Sunday, August 11, 2013


This month’s contribution is a guest appearance by a longtime friend and colleague.

Seth R. Nadel is a retired Senior Special Agent with U.S. Customs. He was the author of the firearms/use of force policy adopted by the agency, and for nine years was the lead firearms and officer safety instructor at Customs’ Western Academy in Tucson.  He has written more than 100 articles on firearms and their use in self-defense, and continues to study the legal use of force and the issues that arise from that use.

Ever since the recent George Zimmerman trial, a stir has been made about the fact that the deceased was "unarmed."  Really?  Who among us is truly unarmed, at any time?  If you are in the shower, you may not have any "traditional" weapons, but you still have hands, elbows, feet, knees, and teeth.  So, you are still not unarmed, unless you choose to give up.

Are you any “less dead” if it is the result of a blow to your head or a bite to your jugular, rather than a bullet or knife wound?  How about if your assailant stands on your wind pipe, rather than drives over you with a car?  Nope, dead is dead--there are no "degrees of dead."

So, can you legally and morally use a firearm against someone who does not have anything other than what the FBI quaintly calls “personal weapons?’  Of course!  And no matter how many whiners cry that “it’s not fair,” there are circumstances where you can certainly use lethal force against an "unarmed" attacker.  Life is not fair.

The legal principle is called "disparity of force."  If your attacker is bigger, stronger, better trained, or there is more than one assailant, lethal force may be justified. What matters is whether a reasonable person would fear death or serious bodily harm if he failed to stop the attack.  And if lethal force is justified, that means any lethal force--a club, a knife, your car, and yes, your gun!

If someone attacks me, and claims to be a karate/boxing/mixed martial arts master, I believe him!  He has just defined that disparity of force, as I am none of those things, and would reasonably fear for my life.  My immediate response would be the application of multiple rounds of jacketed hollow-point ammunition until the threat was ended. Not fair?  Who cares?  I am alive, and the attackers are no longer a threat to my existence, or anyone else's.
Law enforcement agencies recognize the concept, as Use of Force policies explain lesser (less lethal) types of force, but then state, "lethal force is justified."  Not "You may shoot them," but "You may apply lethal force!”  So, if you have a stick in your hand, and a gun in your holster, if you reasonably fear death or serious bodily harm, HIT THEM IN THE HEAD WITH YOUR STICK!  Head blows are prohibited, except under those circumstances.

Now, the lead prosecution witness in Florida apparently can communicate with the dead, because she has stated that the attacker was "only going to deliver a whuppin’."  Really? How does she know?  And at what point does a "whuppin’" turn into a murder?  How do you know in advance?  More than one person attacked in “the knockout game” has been killed by a single blow.  (The "rules" of the game: approach a stranger and punch him in the head--if you knock him out, you “win.”)  And there is the recent case of the soccer player who did not like a referee's call, so the “unarmed” teenager punched the ref in the head--one time. The ref died.  In court, the attacker may say, “I did not mean to kill him."  But does that bring the victim back to life?  No.  There aren't any "do-overs" in that game!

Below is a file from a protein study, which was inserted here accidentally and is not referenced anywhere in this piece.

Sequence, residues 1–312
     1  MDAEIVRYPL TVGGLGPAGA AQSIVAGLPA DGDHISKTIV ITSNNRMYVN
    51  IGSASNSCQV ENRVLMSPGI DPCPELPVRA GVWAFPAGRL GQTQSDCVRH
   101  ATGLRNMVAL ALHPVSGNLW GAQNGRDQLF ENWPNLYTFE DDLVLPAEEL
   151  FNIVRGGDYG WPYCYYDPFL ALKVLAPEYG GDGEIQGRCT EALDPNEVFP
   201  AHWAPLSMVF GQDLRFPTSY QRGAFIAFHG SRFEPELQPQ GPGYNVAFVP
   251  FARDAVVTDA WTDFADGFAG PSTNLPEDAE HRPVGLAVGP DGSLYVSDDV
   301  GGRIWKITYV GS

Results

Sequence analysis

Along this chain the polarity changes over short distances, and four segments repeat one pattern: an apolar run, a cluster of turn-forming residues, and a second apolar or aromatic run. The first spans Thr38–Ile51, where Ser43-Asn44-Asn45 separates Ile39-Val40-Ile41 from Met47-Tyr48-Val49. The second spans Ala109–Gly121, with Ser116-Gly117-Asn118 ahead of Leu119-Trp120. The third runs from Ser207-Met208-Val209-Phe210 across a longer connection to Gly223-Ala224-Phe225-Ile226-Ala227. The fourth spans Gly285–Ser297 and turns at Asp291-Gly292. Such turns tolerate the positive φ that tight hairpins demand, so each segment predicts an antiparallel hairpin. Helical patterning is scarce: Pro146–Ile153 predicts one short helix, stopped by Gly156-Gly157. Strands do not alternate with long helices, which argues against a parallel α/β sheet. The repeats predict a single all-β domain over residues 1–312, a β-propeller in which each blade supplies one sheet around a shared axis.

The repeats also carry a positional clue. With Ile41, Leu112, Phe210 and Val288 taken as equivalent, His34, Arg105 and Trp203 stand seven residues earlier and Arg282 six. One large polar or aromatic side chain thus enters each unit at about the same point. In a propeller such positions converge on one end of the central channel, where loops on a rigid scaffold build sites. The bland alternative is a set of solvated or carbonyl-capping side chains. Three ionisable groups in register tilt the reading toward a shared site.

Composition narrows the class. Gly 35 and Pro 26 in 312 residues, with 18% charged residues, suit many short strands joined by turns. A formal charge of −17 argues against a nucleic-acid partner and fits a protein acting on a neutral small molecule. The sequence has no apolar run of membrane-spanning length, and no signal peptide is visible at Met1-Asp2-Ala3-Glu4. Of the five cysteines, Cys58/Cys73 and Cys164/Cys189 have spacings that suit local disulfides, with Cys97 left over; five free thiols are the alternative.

If I had been punched in the face, knocked to the ground, and then had someone kneeling on me and banging my head against the pavement, I would fear for my life, and would end the threat by any means possible: biting, kicking, poking in the eye, and yes, shooting.  Wouldn’t you?

Now, disparity of force is no defense in a case of "mutual combat."  That occurs when he/she says something, you respond, voices are raised, you both "step outside," and the fight is mutual.  Or road range, where you get cut off, and exchange hand signals with the other driver.  It escalates, and you both pull over to “settle it, here and now."  If you start to lose, because he/she is bigger/younger/faster/better than you, too bad. You can give up, but you can’t use deadly force just because you are losing.  Better to not get involved in the first place, as this falls into "doing stupid things with stupid people," and always ends badly.

So, you are never "unarmed."  You may not be James Bond or Jason Bourne, but you, and your attacker, are never unarmed.  And if someone with nothing more than “personal weapons” attacks you, and there is a disparity of force, fight back with any and every tool at your disposal--including your gun!

Novelist John Steinbeck addressed the subject long ago in his version of the King Arthur story:

"The purpose of fighting is to win.  There is no possible victory in defense.  The sword is more important than the shield and skill is more important than either.  The final weapon is the brain; all else is supplemental."

Let’s use our brains, folks.  Think smart to avoid conflict whenever possible.  If that fails, then fight smart—fight to survive.